How common are drug testing programs in Canada?
According to a recent survey, about 10% of Canadian worksites and 18% of BC worksites with 100 or more employees have drug testing programs.1 These programs are much more common in the United States, where legislation in the 1980s made drug testing more widespread in all types of companies. In Canada, drug testing is primarily conducted in situations where safety is a concern.
What are they and why are they used?
The most common reason that companies adopt drug testing policy is to reduce industrial accidents related to drug use. Some employers have argued that simply using drugs, whether on or off the job, increases the likelihood that employees will have a job accident.
The most common form of drug testing in Canada is urinalysis. This test analyzes urine from employees for recent use of drugs such as cannabis, cocaine, opiates and amphetamines. There are several situations where employees may be asked to comply with a drug test. Testing is sometimes requested from job applicants. Employees may be tested either on a random basis or after a job accident. If employees test positive for drugs, there are often negative consequences, which can include being fired.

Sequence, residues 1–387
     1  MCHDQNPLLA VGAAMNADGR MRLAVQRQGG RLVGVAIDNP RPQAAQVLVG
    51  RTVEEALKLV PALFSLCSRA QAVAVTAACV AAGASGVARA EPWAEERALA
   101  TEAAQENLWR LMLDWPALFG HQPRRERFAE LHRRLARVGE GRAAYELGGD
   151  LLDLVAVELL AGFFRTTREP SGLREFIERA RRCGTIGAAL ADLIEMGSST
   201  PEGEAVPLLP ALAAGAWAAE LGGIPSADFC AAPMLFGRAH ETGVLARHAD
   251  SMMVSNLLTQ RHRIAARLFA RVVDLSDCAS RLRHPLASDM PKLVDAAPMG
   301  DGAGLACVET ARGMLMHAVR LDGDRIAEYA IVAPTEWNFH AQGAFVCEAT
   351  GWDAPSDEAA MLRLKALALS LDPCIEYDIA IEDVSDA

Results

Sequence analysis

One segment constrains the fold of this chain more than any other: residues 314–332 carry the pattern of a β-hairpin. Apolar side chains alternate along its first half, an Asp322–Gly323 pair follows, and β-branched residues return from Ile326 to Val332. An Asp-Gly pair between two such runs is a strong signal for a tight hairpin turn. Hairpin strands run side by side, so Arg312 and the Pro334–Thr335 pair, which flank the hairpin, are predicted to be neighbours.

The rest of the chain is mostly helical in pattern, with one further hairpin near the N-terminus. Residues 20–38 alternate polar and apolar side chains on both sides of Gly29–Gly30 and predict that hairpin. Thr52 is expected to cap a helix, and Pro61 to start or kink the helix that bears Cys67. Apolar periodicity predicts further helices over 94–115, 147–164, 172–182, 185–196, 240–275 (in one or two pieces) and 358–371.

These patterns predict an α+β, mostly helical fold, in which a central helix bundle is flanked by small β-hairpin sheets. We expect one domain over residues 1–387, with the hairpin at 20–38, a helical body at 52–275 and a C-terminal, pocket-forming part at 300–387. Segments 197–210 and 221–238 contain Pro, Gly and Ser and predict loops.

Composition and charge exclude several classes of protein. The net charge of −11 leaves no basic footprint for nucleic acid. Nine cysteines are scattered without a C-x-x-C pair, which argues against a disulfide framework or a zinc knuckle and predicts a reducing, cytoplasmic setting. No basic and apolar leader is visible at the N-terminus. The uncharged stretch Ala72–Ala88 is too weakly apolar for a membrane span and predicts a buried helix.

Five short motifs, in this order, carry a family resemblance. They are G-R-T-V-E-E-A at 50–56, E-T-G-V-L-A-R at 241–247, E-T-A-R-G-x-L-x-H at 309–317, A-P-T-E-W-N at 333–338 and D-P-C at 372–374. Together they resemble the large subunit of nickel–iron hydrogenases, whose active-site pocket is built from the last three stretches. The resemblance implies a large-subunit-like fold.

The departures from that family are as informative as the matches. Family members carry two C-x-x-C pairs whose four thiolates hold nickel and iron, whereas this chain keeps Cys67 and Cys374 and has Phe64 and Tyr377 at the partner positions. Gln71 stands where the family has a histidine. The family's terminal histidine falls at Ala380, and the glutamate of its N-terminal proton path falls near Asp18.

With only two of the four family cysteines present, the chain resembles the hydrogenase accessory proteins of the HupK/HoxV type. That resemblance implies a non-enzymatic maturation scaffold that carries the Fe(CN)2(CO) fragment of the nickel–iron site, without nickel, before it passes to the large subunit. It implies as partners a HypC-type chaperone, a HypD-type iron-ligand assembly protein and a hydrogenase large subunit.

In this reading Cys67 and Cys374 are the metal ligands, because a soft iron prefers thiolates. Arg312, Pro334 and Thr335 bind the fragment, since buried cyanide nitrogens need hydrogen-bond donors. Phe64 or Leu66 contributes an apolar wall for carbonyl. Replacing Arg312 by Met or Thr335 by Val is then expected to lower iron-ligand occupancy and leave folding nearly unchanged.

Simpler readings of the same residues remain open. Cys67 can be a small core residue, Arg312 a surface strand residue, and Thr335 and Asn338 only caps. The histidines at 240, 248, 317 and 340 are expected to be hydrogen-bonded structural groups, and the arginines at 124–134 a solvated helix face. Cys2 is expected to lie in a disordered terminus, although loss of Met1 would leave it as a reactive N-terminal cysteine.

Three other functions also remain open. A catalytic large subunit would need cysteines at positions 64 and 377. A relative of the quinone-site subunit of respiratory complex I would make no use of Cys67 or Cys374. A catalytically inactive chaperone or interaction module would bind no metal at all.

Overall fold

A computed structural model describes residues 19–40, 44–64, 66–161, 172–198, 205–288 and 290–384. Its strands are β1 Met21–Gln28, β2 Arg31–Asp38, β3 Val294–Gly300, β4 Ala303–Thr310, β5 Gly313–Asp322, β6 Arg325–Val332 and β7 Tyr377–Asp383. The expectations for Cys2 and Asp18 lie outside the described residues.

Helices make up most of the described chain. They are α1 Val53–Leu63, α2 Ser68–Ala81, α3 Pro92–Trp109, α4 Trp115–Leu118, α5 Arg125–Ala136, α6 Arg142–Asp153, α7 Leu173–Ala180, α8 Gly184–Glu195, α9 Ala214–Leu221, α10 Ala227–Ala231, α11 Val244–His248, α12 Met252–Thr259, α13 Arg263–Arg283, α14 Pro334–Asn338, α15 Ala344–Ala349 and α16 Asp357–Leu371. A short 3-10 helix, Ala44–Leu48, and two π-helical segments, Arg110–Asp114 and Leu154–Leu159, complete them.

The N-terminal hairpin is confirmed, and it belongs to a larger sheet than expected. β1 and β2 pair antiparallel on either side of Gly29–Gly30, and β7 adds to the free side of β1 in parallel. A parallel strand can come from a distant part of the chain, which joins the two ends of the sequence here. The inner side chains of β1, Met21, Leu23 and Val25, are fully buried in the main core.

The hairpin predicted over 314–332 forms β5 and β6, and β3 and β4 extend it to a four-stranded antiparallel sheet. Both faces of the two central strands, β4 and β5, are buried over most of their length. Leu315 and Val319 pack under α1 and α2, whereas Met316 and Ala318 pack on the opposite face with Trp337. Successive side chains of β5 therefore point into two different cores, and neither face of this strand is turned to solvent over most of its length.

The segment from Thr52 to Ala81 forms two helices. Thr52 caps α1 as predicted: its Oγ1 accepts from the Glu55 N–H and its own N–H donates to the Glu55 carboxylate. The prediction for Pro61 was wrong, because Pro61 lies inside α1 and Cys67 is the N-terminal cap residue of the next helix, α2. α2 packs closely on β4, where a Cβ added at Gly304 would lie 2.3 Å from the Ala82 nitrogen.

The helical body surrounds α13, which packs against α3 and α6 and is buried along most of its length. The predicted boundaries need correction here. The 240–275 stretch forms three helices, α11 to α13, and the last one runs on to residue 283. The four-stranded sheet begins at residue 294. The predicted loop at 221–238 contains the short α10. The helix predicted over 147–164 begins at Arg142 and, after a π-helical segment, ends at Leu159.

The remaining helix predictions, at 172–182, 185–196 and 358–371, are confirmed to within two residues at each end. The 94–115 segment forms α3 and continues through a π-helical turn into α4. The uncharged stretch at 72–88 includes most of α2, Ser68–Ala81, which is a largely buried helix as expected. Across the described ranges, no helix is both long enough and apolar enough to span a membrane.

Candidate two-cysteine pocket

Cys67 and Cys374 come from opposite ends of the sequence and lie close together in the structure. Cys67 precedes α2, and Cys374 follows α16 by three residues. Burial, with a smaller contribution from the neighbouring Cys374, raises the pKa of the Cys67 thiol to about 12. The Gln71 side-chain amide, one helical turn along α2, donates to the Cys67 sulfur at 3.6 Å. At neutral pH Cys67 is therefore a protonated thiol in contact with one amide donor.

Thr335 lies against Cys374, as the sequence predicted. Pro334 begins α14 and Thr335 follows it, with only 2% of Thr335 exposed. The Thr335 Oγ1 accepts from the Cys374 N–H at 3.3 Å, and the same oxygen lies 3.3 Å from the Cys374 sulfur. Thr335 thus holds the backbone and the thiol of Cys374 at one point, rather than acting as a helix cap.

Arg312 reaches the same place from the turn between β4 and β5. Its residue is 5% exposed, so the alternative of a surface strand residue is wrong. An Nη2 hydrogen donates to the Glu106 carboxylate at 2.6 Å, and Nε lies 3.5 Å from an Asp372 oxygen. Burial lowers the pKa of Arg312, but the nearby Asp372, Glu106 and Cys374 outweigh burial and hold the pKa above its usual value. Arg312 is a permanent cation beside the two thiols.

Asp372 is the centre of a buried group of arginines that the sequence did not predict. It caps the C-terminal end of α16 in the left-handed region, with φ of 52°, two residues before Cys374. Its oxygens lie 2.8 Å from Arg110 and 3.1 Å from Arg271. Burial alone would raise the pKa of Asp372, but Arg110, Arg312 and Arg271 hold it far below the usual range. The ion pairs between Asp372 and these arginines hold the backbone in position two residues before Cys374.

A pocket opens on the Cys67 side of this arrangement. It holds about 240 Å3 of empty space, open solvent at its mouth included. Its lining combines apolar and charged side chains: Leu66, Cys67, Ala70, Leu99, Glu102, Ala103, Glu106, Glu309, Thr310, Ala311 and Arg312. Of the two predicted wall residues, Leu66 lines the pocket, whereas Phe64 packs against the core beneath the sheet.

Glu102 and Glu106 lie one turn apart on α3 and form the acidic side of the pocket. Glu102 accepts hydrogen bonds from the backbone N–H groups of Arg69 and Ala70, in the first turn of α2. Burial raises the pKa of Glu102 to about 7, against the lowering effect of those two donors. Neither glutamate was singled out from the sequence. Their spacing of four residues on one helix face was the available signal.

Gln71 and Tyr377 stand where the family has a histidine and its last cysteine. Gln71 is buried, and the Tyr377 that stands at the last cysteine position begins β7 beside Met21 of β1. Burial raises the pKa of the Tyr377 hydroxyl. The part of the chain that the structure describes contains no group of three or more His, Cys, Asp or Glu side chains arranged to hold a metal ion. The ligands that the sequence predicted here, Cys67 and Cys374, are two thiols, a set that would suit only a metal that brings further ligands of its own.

1. Macdonald, S., Csiernik, R., Durand, P. et al. (2006). The prevalence and factors related to Canadian workplace health programs. Canadian Journal of Public Health, 97(2), 121-125.
Scott Mac Donald is Assistant Director at the Centre for Addictions Research of BC and Associate Professor at the School of Health Information Science, University of Victoria. He has been involved in research on addictions issues for over 25 years
*reprinted from Visions: BC’s Mental Health and Addictions Journal, 2009, Vol. 5 No. 3, p. 23,24